No. 4: Without Control, Strength Can Become Weakness
Between the ages of 14 and 15, training went well for Dwayne. By the time he entered high school he had grown to a towering 6’4″ and tipped the Toledo at 225 pounds. This gave him a healthy dose of self-confidence—and even a degree of arrogance. But for all the focus and discipline he showed in the gym, his unstable home life left him directionless outside of it.
“I was running around and getting in trouble a lot. I was arrested multiple times for a multitude of things, from fighting to a theft ring to check fraud to more fighting. I did a lot of stupid s**t and struggled to stay on the right path.”
Then, when he was 15, came what he calls his “trifecta”—a trio of cataclysmic screwups that brought him to the brink of a failed life.
“First, I got arrested. My parents came down to the police station and picked me up, and I recognized that despite the fact that we were living paycheck to paycheck, I was the biggest source of their stress. And in that moment I thought, ‘I don’t ever want to disappoint my parents again.’ So I said to myself that I was going to stop getting arrested.”
He managed that, yet couldn’t keep out of trouble. The next day he was expelled for getting in a fight and knocking out the other kid. When he returned to school two weeks later he found a new way to be classified as a “troubled youth.” Deciding that the students’ bathroom at Freedom High School in Bethlehem, PA, wasn’t good enough for him, he did his business in the teachers’ bathroom.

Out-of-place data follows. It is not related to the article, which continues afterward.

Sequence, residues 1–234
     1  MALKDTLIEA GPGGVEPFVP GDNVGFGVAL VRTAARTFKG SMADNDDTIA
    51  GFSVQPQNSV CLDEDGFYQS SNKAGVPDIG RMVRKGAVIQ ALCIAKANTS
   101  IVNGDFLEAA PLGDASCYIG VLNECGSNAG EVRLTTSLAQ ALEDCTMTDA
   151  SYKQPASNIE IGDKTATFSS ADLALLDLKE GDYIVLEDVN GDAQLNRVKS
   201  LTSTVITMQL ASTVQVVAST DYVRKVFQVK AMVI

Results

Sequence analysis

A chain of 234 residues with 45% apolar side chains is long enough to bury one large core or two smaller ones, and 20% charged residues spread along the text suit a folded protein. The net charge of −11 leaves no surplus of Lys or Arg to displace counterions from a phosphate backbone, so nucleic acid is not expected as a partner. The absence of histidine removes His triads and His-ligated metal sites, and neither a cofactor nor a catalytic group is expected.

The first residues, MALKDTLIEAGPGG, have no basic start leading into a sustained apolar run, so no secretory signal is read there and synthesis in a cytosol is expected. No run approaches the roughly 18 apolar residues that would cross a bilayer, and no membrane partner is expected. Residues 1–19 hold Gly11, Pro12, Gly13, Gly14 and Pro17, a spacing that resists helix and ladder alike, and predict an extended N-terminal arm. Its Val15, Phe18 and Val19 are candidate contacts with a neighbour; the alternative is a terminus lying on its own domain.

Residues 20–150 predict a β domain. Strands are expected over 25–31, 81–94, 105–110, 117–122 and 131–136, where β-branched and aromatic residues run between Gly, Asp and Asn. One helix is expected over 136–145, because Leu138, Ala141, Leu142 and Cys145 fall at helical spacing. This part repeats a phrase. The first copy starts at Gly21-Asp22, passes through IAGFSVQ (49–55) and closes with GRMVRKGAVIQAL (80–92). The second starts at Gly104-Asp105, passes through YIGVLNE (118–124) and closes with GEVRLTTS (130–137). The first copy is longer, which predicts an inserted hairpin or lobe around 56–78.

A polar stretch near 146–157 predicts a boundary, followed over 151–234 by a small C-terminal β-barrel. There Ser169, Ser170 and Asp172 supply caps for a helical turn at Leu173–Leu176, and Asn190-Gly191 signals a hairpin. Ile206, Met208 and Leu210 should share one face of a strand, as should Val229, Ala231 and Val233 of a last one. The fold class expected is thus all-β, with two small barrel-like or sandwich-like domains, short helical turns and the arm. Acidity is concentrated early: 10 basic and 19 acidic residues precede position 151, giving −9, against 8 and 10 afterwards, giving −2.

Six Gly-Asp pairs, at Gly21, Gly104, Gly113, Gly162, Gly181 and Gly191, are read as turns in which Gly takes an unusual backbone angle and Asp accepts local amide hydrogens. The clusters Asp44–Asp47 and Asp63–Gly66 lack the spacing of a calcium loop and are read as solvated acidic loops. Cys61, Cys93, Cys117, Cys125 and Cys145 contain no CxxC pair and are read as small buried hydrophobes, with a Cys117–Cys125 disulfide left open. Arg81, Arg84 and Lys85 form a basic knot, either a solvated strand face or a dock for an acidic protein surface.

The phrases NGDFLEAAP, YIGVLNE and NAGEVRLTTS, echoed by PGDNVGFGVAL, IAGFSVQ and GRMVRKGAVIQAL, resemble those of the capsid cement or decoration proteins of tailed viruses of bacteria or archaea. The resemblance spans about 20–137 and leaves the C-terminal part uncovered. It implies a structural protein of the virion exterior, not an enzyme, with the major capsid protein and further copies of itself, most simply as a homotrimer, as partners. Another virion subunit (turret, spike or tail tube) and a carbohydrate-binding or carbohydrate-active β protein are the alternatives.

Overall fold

“In walks this teacher, who takes one look at me and says, ‘Hey, you can’t be in here. You’ve gotta go.’ Well, I was a complete d**k to him. I’m washing my hands, and I look over my shoulder and say, ‘Yeah, in a second,’ and I continue washing my hands. Then he pounds the door with his fist and yells, ‘You gotta get the f**k out of here, now!’ And what do I do? I dry my hands and brush past him like a real asshole punk kid. And he’s steaming.
“Here was a guy who was absolutely willing to fight me, as big as I was, not because he wanted to hurt me, but because he cared.”
No. 3: See the Signs Around You
That night, when he went home, Dwayne felt pangs of guilt running through him like the pain from a deadlifting session gone wrong. As opposed to the eight or nine times he’d been arrested and his multiple expulsions from school, this time he couldn’t shake the feeling that if he didn’t take responsibility for his actions and turn things around quickly he might not get the chance to turn them around at all.
“So the very next day I went back to school to look for him. I found out where he was teaching and went to his classroom, walked right up to him, and said, ‘Hey, I just want to apologize for the way I acted yesterday. I’m sorry.’ I stuck my hand out to shake his, and he looked at my hand, and then he looked at me, and he took my hand and said, ‘I appreciate that.’ And he held on to my hand and said, ‘I want you to play football for me.’ So I said, ‘OK.’ And that was it.”
Jody Cwik would turn out to be much more than a football coach. He would become a key figure in Dwayne’s development, believing in him even when he didn’t believe in himself. Football would provide
Dwayne with a positive outlet for his frustrations and aggression and a renewed sense of focus. As to why he felt compelled to apologize to Cwik, Dwayne is philosophical.
“There are signs around us all the time, and a lot of the time we don’t see them, but sometimes we do, and those become the greatest lessons.”
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